Public losing faith in government's ability to secure data


Public losing faith in government's ability to secure data

Simon Quicke

The prospect that government cuts could undermine the security of confidential data is a rising fear among members of the public not convinved that their records can be kept safe as cutbacks are rolled out across the public sector.

The concerns have been revealed in a YouGov survey carried out for Websense, which showed that the public is worried that both personal and financial information could be at risk.

Just shy of half those quizzed, 48% of respondents, were worried that the spending cuts could put their personal and financial information at risk and 35% thought government 'secrets' might make it out into the open.

Well over half those surveyed thought that local councils were not as secure as some of the central government agencies including HMRC, DVLA and the Passport Agency.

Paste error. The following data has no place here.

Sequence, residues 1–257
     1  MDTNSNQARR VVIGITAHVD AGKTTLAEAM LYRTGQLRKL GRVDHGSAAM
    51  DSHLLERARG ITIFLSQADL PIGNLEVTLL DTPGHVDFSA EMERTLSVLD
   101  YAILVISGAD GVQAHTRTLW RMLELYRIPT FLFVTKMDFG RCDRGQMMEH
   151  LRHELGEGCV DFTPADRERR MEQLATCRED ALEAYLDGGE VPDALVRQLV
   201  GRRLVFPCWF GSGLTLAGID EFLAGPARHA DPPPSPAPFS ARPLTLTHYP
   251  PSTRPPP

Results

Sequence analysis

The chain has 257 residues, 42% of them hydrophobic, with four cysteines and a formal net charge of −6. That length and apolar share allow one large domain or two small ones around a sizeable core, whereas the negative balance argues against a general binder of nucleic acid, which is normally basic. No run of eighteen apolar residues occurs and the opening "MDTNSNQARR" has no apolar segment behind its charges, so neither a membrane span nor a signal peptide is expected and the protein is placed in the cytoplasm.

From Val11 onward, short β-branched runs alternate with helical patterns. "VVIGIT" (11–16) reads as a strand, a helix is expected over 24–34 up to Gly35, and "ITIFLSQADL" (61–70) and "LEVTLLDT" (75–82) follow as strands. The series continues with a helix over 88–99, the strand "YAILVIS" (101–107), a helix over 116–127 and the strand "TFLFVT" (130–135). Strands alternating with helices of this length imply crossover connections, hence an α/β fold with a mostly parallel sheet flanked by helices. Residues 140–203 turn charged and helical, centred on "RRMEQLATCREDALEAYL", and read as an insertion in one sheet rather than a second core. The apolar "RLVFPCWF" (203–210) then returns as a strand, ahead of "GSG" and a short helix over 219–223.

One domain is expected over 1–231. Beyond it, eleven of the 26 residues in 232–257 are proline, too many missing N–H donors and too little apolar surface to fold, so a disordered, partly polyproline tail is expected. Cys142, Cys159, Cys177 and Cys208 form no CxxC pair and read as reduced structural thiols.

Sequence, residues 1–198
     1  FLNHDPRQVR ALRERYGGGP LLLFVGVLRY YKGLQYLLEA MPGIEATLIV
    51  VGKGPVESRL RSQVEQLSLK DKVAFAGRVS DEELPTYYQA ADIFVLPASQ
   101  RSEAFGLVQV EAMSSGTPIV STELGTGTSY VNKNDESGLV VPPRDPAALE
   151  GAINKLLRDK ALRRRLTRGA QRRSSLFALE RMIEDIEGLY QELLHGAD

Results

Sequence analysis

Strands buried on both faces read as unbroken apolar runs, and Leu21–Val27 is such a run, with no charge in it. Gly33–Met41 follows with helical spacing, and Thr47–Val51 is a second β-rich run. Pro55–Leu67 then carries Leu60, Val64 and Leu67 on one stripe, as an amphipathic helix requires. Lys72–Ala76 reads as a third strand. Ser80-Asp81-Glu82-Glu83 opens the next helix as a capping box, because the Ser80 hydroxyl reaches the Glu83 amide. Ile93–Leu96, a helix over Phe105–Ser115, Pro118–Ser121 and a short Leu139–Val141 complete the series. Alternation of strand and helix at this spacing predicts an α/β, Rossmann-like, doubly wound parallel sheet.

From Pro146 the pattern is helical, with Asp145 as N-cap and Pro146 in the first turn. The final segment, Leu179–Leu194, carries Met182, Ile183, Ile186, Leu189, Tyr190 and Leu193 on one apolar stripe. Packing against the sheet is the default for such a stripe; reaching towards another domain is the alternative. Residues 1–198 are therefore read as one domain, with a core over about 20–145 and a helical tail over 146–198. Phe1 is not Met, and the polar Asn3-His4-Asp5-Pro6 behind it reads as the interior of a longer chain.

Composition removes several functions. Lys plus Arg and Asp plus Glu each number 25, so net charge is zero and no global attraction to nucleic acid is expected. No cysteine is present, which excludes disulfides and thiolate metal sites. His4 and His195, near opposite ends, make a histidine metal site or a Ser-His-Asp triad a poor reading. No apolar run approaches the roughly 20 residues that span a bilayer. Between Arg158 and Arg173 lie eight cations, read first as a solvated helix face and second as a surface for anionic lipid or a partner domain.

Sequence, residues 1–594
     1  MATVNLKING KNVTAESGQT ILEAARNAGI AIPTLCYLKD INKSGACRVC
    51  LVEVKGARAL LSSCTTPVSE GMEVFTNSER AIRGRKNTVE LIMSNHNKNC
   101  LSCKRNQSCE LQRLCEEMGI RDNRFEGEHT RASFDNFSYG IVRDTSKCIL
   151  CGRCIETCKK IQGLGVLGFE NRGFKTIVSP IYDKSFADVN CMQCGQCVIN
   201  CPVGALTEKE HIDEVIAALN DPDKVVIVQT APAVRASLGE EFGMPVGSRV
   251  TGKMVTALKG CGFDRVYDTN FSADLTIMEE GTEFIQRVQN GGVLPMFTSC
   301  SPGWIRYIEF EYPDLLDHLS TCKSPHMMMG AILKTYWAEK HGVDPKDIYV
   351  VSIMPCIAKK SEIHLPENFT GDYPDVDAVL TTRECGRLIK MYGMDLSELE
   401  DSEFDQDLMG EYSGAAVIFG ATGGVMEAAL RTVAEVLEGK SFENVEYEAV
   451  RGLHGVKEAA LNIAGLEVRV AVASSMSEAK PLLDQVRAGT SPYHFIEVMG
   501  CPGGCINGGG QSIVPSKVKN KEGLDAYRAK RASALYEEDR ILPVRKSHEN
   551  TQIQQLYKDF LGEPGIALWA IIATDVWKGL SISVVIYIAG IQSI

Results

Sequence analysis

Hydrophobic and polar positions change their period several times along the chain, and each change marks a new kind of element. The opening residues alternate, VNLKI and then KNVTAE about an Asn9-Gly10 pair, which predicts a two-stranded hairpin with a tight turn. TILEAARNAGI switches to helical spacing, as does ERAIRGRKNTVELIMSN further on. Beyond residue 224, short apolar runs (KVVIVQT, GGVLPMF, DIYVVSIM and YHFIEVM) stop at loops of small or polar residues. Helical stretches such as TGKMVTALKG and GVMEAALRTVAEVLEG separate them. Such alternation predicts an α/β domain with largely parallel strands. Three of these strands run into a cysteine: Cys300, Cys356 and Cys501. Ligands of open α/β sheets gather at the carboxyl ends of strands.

But there was a general feeling that over the next five years there would be an impact on data from the cuts with 19% believing it will make information much less secure.

Andy Philpott, regional vice president, UK and Ireland for Websense said the public perception was a difficult commodity to measure but the fears had to be acknowledged by government.

"It's important to note that many government departments are working hard to ensure that data is not compromised in the future and that cuts can represent a fresh way of thinking for their security strategy," he said.

"With more government organisations starting to share services such as their IT, this is a great opportunity for them to invest in an integrated security solution that not only reduces costs; it also increases their data security," he added. 

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